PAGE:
Fig-1 Performance of ACE at various maximum iterations, d=50, k1=2.3, k2=0.1 Figure-2. illustrates the ACE algorithm operating in simulation (with k1 = 2:3 and k2 = 0). The little circles represent nodes. Cluster-heads are highlighted in black, and their range is indicated with a large black circle (nodes within the circle are in that cluster). The clusters migrate away from each other in successive iterations to produce a highly efficient cover of the area. Clusters tend to center over areas where nodes are dense. The clusters overlap minimally, and when they do overlap, they tend to overlap in areas where nodes are sparse. Figure-2d. provides a qualitative visual comparison of the Node ID algorithm with ACE. It can be observed that ACE provides a packing with significantly less cluster overlap than Node ID.[8]

It remains to determine c, the number of iterations the algorithm should execute. Figure-1. reflects how the performance of ACE changes as it is given a longer number of iterations to operate. ACE was simulated in a 2D area with a uniform random distribution with an average deployment density d of 50 nodes per circle of one communication radius. Results for the simulation with k1 = 2:3 and k2 = 0:1 are shown (results for k2 = 0 have similar characteristics). It can be noted that increasing the number of iterations above 3 yielded only very slight improvements in average cluster size. In this simulation the total number of iterations did not significantly affect the standard deviation in cluster sizes, which was between 6 and 10 for all iterations > 1. [3,5]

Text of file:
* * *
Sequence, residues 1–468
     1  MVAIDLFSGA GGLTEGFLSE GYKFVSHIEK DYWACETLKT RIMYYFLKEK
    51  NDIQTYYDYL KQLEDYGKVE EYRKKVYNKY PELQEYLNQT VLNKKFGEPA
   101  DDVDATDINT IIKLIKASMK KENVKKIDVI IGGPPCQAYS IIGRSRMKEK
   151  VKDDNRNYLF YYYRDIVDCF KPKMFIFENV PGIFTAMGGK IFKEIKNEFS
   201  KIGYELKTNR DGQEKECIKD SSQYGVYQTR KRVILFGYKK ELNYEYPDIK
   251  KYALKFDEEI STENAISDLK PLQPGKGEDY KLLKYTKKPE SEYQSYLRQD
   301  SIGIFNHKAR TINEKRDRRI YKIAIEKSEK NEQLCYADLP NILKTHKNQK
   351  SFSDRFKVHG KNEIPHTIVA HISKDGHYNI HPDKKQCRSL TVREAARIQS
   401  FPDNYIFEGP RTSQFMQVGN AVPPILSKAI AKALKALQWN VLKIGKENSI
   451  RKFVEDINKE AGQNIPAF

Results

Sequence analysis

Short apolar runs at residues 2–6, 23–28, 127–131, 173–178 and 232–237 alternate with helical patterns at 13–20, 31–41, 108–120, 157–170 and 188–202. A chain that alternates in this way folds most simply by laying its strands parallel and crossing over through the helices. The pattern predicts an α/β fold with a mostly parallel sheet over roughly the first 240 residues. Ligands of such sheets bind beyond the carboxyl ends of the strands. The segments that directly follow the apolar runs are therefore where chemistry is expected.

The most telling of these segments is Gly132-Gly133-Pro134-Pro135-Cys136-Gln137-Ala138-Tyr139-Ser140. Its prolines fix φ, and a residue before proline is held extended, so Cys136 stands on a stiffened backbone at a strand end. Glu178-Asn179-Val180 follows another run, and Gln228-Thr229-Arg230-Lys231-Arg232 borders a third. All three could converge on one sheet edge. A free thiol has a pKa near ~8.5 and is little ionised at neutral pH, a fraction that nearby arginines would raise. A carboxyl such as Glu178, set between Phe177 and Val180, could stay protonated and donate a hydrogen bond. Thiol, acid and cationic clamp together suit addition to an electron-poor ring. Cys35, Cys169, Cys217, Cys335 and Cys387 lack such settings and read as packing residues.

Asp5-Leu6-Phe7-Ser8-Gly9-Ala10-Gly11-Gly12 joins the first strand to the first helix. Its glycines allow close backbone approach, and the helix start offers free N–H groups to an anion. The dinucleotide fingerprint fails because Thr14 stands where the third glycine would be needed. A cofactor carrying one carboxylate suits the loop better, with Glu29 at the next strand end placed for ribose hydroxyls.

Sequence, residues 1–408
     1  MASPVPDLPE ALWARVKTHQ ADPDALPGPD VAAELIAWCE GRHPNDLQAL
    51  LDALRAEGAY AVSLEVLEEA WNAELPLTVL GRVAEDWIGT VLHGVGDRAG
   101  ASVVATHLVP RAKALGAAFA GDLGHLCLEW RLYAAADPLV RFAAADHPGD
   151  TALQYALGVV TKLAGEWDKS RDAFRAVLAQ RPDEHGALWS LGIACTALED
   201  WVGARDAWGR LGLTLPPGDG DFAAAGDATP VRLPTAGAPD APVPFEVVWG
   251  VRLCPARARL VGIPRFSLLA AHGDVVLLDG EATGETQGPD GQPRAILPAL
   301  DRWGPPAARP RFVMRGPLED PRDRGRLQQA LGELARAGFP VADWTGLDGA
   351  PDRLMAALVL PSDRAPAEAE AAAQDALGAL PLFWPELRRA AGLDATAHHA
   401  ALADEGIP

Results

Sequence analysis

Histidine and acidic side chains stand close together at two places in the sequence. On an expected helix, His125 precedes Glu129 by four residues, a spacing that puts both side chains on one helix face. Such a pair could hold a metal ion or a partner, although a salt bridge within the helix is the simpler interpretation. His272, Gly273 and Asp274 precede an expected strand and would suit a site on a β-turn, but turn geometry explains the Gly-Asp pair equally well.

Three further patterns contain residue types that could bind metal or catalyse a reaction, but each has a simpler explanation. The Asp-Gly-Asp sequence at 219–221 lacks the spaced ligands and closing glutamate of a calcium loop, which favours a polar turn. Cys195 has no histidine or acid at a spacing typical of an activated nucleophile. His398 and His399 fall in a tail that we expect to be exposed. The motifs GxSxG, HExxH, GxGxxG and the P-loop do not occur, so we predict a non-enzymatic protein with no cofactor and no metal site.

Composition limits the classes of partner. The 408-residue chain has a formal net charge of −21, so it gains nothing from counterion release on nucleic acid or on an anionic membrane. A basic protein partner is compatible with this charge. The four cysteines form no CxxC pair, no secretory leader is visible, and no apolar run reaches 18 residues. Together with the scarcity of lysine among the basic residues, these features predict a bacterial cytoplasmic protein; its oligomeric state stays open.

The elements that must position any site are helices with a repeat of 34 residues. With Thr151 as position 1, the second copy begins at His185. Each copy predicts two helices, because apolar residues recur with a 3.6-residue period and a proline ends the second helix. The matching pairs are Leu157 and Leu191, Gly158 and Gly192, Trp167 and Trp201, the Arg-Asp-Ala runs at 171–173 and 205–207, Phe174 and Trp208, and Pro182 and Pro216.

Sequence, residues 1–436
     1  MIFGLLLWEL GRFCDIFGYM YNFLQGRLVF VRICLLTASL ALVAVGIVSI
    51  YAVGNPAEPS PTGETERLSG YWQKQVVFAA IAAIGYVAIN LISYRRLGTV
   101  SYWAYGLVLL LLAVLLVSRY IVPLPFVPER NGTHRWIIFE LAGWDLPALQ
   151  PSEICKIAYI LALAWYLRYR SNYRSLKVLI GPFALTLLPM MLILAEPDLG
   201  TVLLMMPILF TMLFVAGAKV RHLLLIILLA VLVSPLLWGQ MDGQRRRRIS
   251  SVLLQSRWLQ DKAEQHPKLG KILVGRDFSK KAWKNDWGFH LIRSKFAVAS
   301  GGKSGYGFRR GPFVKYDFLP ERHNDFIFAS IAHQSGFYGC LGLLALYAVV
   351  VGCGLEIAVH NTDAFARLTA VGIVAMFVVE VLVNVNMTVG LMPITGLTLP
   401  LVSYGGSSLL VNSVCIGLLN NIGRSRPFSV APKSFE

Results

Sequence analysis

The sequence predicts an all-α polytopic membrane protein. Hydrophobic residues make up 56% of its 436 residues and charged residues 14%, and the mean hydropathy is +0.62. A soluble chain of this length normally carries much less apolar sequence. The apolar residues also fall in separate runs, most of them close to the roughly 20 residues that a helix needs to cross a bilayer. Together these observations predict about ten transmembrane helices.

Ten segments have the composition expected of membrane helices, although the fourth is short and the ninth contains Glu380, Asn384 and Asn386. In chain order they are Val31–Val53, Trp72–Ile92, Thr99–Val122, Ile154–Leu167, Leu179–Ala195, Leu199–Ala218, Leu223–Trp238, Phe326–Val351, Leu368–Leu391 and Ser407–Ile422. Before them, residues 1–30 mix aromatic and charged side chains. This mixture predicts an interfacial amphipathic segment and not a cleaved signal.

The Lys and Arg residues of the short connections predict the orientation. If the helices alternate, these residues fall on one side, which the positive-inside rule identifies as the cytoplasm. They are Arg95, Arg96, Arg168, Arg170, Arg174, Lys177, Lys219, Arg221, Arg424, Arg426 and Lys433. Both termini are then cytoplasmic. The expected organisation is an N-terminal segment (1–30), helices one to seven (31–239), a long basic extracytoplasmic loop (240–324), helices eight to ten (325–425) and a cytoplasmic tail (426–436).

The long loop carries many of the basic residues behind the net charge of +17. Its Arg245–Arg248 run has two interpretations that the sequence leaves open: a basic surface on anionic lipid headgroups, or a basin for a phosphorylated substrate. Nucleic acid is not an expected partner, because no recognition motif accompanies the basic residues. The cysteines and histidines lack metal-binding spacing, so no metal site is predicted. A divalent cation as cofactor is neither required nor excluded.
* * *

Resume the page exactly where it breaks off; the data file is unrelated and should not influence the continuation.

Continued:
Fig-2 The ACE algorithm(with k1=2.3 & k2=0)

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Volume: 2 Issue: 4 2.3 ACE Algorithm